Sea cows, mermaids of the sea, gentle giants, whatever you want to call them -- manatees are in trouble.
The economy of Crystal River, Florida is dependent on a healthy manatee population. It is the only place, outside of Belize, where people can legally swim with the manatees, and tourists come from far-and-wide to get close to these aquatic mammals that can weigh over 1,000 pounds.
Last year, however, something unusual happened to the manatee population -- there were 829 known deaths, the highest annual death toll ever recorded.
Though there are many contributing factors to why manatees are endangered (boat strikes, cold temperatures, disease, infant mortality), scientists are stumped by what killed the record number in 2013.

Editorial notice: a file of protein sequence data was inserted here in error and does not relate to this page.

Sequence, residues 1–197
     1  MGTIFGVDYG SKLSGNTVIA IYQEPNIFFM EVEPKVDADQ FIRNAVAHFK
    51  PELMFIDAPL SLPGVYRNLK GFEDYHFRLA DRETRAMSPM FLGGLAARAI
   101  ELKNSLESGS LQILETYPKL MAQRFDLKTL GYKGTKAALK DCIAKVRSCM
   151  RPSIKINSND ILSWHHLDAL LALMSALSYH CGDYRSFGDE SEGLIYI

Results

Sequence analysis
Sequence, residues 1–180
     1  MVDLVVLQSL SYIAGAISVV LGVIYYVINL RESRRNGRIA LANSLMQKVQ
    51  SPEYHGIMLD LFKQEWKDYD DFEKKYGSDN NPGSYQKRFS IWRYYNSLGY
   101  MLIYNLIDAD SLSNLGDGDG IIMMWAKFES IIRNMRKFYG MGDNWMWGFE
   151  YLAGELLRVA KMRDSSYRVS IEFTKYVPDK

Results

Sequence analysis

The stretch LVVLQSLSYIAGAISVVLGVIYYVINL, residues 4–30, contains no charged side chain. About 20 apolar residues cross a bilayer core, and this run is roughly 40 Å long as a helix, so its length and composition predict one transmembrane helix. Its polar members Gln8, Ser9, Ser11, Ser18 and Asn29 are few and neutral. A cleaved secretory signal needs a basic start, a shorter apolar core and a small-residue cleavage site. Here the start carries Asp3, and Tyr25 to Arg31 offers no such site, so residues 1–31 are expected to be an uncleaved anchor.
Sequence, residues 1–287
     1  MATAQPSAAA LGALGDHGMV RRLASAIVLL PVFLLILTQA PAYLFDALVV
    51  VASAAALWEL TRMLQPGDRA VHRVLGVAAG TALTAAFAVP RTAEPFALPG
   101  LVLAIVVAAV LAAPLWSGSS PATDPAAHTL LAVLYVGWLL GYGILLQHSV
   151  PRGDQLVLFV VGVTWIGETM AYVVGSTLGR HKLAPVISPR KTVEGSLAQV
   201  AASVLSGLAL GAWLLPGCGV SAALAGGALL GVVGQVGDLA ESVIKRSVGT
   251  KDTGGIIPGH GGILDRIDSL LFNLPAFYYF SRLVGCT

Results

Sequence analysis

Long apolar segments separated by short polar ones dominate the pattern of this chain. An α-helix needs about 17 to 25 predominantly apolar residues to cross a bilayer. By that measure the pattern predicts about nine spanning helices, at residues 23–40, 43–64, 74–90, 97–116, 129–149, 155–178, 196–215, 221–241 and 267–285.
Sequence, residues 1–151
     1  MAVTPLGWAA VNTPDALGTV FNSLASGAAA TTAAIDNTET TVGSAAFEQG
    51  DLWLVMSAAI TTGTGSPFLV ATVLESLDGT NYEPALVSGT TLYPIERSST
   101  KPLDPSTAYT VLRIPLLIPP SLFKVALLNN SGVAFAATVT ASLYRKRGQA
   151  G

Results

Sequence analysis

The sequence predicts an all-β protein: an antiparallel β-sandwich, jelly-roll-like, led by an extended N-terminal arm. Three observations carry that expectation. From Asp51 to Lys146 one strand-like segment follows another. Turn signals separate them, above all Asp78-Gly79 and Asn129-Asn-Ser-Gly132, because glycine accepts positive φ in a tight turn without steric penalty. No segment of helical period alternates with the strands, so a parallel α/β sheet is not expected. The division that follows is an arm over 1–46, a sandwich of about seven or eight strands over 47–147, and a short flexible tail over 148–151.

It is known that 276 manatees were killed in southwestern Florida by a red tide -- toxic algae eaten and breathed in by the animals in fatal quantities.
But according to National Geographic, nobody knows what killed the manatees in the Indian River area of east-central Florida. "It started out pretty baffling, and to this point they still have no clue," Bob Bonde, a research biologist with the U.S. Geological Survey, told NatGeo.
The debate goes on, but the gentle giants are still threatened. To learn more about manatees and what you can do to help, visit Save the Manatee Club.